Bipolar Disorder (BD) is a severe recurrent affective mood disorder characterized by a wide range of lifelong mood swings, varying between depressive and manic states. BD affects more than 1% of the world’s population irrespective of nationality, ethnic origin, or socioeconomic status and is one of the main causes of disability among young people, leading to cognitive and functional impairment and raised mortality, particularly death by suicide. Trace elements play a vital role in many biochemical and physiological processes. Compelling evidence shows that element toxicity might play a crucial role in the onset and progression of neurodegenerative disorders, but their involvement in mood disorders has been scarcely studied. In the present investigation, we determined the concentration of 26 elements in the serum of BD patients before and after treatment and in postmortem brain samples from BD patients and compared them with matched controls. The only element that was reduced significantly in the serum following treatment was vanadium (V). Furthermore, the concentration of Al, B, Cu, K, Mg and V were significantly lower in the pre-frontal cortex of BD patients compared with those of the controls. A comparison of Spearman’s rank correlation coefficients between the elements in the serum and brain of BD patients and control groups pointed to boron and aluminum as being involved in the disease. These results suggest that there is a disturbance in the elements’ homeostasis and the inter-elements’ relationship in the brain of BD patients and advocate a thorough examination of the possible involvement of chemical elements in different stages of the disease.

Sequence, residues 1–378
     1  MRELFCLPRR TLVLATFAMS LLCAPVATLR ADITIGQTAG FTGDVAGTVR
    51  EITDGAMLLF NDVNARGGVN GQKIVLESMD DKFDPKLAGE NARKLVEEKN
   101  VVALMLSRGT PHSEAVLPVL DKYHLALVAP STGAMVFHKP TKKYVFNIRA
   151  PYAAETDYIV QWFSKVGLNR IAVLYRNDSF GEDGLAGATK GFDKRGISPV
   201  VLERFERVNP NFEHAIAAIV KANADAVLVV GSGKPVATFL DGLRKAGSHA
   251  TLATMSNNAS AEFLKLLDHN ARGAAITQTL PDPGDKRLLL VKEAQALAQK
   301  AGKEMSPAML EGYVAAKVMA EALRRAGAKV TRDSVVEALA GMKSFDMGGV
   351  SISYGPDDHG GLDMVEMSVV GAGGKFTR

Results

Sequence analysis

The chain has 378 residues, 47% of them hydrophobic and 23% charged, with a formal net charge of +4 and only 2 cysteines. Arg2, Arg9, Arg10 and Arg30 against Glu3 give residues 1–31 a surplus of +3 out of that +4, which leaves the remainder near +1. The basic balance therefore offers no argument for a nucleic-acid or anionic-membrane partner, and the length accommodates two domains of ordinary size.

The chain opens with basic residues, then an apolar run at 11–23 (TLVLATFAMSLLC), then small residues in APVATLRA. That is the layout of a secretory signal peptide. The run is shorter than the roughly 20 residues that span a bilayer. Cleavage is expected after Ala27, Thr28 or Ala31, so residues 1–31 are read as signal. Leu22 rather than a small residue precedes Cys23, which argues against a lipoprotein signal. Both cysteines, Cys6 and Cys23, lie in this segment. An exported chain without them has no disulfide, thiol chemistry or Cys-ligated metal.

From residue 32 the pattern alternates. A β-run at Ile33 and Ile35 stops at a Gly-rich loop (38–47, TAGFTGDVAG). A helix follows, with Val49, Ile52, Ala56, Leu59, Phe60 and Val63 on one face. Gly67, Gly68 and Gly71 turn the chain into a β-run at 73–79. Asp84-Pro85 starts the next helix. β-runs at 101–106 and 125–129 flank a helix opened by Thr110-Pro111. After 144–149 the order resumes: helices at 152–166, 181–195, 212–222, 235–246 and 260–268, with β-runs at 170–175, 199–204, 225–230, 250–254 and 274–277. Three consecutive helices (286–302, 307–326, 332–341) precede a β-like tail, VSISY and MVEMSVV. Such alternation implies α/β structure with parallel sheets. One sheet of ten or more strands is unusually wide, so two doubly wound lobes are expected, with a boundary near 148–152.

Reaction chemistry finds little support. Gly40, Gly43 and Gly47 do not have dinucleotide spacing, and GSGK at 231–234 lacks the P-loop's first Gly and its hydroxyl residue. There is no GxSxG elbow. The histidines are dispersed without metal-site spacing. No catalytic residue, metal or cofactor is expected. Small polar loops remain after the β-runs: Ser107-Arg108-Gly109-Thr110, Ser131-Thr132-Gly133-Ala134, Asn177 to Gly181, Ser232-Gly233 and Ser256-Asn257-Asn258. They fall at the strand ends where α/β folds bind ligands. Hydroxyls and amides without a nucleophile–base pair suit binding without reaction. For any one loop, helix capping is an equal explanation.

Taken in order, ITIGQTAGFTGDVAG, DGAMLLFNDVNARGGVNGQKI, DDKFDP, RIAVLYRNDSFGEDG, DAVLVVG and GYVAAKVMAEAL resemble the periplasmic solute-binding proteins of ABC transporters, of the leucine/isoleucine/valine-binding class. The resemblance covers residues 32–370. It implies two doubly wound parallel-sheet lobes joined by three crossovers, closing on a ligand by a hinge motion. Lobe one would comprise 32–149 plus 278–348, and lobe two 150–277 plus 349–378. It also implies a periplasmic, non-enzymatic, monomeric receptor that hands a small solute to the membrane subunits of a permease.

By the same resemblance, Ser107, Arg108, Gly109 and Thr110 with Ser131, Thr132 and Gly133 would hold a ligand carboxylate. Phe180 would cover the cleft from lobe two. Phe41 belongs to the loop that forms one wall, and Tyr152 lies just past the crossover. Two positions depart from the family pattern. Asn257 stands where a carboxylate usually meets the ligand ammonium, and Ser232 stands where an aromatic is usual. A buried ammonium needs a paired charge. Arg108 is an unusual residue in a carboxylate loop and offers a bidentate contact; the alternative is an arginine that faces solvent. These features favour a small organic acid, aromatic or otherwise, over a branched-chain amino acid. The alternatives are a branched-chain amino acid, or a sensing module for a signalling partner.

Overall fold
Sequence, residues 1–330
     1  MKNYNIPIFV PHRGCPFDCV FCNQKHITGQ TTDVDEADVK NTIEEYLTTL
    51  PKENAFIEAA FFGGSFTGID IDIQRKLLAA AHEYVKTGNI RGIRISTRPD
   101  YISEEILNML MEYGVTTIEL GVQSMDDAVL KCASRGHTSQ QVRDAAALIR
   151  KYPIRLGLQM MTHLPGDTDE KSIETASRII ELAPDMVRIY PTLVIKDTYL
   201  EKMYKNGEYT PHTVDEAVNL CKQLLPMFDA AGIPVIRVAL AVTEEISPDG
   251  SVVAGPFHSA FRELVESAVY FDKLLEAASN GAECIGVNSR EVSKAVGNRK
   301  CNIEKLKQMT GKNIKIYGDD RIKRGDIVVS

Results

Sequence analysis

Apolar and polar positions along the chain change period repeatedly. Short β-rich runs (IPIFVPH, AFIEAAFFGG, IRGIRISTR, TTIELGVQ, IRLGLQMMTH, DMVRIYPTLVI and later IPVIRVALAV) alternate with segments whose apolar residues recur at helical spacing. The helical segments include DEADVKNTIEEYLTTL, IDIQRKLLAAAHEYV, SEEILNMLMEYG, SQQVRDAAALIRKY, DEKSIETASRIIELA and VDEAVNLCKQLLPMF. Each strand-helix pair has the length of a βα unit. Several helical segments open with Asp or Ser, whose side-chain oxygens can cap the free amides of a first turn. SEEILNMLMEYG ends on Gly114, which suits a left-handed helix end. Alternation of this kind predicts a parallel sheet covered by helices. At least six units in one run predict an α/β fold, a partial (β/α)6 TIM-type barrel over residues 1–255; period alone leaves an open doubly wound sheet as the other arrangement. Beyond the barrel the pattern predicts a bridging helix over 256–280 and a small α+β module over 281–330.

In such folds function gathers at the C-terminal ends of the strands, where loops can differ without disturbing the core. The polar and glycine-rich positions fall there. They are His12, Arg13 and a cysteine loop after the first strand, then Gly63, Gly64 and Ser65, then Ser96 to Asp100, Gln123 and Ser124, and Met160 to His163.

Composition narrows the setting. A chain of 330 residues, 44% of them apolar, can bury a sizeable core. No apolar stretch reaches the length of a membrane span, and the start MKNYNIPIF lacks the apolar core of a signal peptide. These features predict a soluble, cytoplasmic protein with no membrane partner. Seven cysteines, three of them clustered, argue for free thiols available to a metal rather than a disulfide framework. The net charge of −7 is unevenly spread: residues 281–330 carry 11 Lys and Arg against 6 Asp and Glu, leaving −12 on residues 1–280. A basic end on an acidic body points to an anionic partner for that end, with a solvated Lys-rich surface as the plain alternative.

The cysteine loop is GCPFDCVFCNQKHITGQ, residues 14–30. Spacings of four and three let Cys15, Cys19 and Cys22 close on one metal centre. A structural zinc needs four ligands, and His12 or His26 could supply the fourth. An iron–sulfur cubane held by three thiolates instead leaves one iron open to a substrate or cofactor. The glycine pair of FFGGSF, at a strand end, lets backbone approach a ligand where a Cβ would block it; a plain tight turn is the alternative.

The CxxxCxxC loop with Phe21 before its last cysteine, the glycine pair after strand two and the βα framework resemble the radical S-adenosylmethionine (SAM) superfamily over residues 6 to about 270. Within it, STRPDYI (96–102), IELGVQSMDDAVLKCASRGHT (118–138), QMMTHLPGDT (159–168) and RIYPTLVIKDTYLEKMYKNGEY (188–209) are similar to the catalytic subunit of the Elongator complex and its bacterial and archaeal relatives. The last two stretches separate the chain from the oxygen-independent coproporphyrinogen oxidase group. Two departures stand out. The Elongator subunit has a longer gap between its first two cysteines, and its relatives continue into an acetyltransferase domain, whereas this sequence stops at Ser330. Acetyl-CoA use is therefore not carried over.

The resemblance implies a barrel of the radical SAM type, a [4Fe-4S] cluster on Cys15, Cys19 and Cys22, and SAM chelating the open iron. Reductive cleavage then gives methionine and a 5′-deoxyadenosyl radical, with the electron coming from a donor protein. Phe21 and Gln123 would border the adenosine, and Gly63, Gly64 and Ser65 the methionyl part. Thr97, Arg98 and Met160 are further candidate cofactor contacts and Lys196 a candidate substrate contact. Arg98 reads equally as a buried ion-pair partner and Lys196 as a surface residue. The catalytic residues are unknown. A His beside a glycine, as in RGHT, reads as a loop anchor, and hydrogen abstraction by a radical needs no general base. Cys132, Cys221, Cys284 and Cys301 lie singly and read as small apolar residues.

Bibliographical noteFunding Information:
This study was support in part by the Israel Science Foundation Grants No. 039-4964 to D.L. and the Hebrew University internal grant to D.L. and Y.E. The ISF had no further role in study design; in the collection, analysis and interpretation of data; in the writing of the report; and in the decision to submit the manuscript for publication.
© 2022 by the authors.
- bipolar disorder
- chemical elements